Within present day people are placed into categories and marginalized in many different instances within their lives, which is an issue that needs to be fixed. No person should feel as though they are not appreciated by society, because of their race or religion, instead all cultures and races should be equally supported. For instance in many places certain races and ethnicities are recognized and supported by society, while the others slip into the cracks leaving those unrecognized races feeling as though they are not validated or wanted.
In the book Race and Multiculturalism in Malaysia and Singapore (2009), Daniel Goh and Philip Holden discuss how different cultures and races are glorified more than others, and how this issue can be resolved. The book describes many instances where Malaysian and Singapore citizens are treated as second class citizens within society. For instance the British had assigned Malaysian citizens poor labor tasks within society based on their race, but not on their actual working capabilities. When discussing how to decrease the hierarchy between different races within the singaporean and
Malaysian society the article states “ we need first to explore and identify the characteristics of what we might call postcolonial multiculturalism, as differentiated from Western multiculturalism in various liberal manifestations” (2). This quote explains that in order to move towards a society where races are held to an equal status, you have to figure out how the different races are supported within society after being ruled by colonizers. You must recognize what makes all the cultures and races different, rather than bulking them together. You also need to be open to new ideas of how different races can be accepted in society. Whether that be through encouraging education to revolve around teaching students about their own culture and other cultures, so people will become more understanding of other people’s cultural background rather than making assumptions about them. Or by destroying systems that encourage the employment of one race or religious background over another one.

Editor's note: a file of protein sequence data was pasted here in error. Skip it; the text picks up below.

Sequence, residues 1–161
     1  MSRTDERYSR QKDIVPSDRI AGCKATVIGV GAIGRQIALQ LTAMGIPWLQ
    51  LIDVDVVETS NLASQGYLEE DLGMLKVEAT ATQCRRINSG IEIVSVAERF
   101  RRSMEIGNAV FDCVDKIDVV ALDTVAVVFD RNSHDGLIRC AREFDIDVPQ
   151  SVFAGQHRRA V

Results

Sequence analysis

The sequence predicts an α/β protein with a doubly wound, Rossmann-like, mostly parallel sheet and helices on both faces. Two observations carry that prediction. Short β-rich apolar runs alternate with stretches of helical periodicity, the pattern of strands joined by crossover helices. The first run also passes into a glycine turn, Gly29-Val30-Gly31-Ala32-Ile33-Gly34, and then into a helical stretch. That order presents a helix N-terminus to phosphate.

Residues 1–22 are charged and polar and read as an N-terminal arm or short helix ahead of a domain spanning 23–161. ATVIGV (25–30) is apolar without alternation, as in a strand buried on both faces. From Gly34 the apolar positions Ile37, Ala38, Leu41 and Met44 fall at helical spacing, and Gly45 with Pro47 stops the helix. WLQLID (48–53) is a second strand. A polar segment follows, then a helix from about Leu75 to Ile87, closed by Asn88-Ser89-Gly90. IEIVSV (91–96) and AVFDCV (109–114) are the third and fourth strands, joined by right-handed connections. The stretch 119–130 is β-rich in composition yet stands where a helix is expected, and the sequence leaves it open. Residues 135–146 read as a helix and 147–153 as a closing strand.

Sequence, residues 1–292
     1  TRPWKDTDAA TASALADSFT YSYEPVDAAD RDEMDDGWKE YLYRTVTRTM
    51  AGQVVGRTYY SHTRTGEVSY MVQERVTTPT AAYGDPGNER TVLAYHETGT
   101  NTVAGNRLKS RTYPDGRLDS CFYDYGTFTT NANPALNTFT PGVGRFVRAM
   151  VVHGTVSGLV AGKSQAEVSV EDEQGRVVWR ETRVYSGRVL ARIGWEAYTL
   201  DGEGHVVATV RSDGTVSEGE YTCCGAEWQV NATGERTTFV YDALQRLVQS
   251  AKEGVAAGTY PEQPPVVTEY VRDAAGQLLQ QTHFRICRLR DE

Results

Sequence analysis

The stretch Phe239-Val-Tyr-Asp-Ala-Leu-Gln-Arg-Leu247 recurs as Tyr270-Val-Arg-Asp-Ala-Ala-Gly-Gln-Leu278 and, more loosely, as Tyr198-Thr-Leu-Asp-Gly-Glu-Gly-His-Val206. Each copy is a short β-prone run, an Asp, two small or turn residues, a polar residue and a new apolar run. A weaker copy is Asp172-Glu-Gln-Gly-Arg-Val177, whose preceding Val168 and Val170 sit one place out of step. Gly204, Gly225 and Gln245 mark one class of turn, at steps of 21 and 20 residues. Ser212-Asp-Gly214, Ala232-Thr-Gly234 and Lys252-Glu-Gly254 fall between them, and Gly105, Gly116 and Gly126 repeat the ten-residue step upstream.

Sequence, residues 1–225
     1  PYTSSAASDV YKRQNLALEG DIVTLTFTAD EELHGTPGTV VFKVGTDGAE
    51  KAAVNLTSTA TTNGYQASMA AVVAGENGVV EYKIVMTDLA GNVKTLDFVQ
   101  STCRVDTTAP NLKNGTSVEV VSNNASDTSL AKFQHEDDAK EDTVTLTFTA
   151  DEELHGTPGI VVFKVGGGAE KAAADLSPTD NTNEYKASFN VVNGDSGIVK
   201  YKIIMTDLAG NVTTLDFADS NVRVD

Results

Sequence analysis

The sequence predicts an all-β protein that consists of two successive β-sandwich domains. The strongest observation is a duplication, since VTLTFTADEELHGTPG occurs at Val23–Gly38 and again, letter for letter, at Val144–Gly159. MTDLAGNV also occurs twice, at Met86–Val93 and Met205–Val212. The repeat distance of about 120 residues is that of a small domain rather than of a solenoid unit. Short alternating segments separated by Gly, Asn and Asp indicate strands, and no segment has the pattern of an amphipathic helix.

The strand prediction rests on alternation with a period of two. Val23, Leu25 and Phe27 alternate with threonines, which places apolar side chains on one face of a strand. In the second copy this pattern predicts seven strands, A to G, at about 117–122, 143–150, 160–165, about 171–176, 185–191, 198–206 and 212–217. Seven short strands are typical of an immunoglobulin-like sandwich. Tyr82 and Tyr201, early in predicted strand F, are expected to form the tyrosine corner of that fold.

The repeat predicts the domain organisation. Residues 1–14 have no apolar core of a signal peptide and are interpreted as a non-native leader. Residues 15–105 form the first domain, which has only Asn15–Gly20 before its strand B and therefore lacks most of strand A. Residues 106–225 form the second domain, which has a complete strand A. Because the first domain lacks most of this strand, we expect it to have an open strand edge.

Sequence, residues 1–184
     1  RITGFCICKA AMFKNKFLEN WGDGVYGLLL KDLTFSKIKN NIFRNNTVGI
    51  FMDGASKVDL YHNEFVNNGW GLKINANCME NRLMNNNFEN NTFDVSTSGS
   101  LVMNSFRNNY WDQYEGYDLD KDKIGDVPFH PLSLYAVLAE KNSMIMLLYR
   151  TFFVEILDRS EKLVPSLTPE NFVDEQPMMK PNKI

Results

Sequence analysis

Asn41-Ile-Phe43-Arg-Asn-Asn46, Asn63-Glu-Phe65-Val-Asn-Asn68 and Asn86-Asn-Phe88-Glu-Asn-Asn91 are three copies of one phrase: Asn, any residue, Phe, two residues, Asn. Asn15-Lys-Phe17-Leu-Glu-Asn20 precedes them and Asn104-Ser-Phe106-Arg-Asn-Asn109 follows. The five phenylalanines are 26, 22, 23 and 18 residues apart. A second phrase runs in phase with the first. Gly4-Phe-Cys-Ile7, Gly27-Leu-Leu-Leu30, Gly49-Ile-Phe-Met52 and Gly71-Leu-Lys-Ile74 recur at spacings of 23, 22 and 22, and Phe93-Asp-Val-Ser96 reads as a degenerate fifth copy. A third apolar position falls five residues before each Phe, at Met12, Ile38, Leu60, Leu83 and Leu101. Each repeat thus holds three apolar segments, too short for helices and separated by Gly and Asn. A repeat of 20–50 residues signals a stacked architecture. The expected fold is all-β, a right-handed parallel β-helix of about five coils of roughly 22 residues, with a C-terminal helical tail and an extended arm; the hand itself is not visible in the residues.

What i find interesting is the many similarities of how Malaysian and Singapore citizens are treated in comparison with African American. African Americans were often unable to attain certain jobs and rights do to their race, they were treated as second class citizens rather then equals. They were also all labeled as black rather than having society recognize that not all black people identify as African, some identify as Jamaican, Bahamian and many other islands but instead all dark skinned people are labeled as just being black. Like Malaysian and Singapore citizens African Americans are limited to how they can prosper in society due to the race they are assigned and limited to.
Goh, Daniel P.S. and Holden, Philip. Race and Multiculturalism in Malaysia and Singapore. New York, Routledge, 2009.